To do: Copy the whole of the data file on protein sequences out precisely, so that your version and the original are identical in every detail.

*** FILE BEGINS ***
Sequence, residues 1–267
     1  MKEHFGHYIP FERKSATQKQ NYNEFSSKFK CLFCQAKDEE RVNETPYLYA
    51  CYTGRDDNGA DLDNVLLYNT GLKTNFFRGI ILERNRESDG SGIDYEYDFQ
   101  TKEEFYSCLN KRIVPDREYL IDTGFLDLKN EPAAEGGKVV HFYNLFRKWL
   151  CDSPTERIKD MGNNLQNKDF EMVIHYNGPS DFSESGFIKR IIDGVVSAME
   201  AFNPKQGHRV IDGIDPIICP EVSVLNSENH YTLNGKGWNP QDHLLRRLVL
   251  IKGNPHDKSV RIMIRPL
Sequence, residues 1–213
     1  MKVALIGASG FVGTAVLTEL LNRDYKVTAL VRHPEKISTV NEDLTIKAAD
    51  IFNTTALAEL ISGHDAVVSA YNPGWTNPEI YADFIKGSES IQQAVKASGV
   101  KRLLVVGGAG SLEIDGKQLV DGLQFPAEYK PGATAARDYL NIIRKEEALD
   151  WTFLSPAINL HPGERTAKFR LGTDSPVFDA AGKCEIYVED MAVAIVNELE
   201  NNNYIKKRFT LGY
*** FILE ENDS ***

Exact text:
Sequence, residues 1–267
     1  MKEHFGHYIP FERKSATQKQ NYNEFSSKFK CLFCQAKDEE RVNETPYLYA
    51  CYTGRDDNGA DLDNVLLYNT GLKTNFFRGI ILERNRESDG SGIDYEYDFQ
   101  TKEEFYSCLN KRIVPDREYL IDTGFLDLKN EPAAEGGKVV HFYNLFRKWL
   151  CDSPTERIKD MGNNLQNKDF EMVIHYNGPS DFSESGFIKR IIDGVVSAME
   201  AFNPKQGHRV IDGIDPIICP EVSVLNSENH YTLNGKGWNP QDHLLRRLVL
   251  IKGNPHDKSV RIMIRPL
Sequence, residues 1–213
     1  MKVALIGASG FVGTAVLTEL LNRDYKVTAL VRHPEKISTV NEDLTIKAAD
    51  IFNTTALAEL ISGHDAVVSA YNPGWTNPEI YADFIKGSES IQQAVKASGV
   101  KRLLVVGGAG SLEIDGKQLV DGLQFPAEYK PGATAARDYL NIIRKEEALD
   151  WTFLSPAINL HPGERTAKFR LGTDSPVFDA AGKCEIYVED MAVAIVNELE
   201  NNNYIKKRFT LGY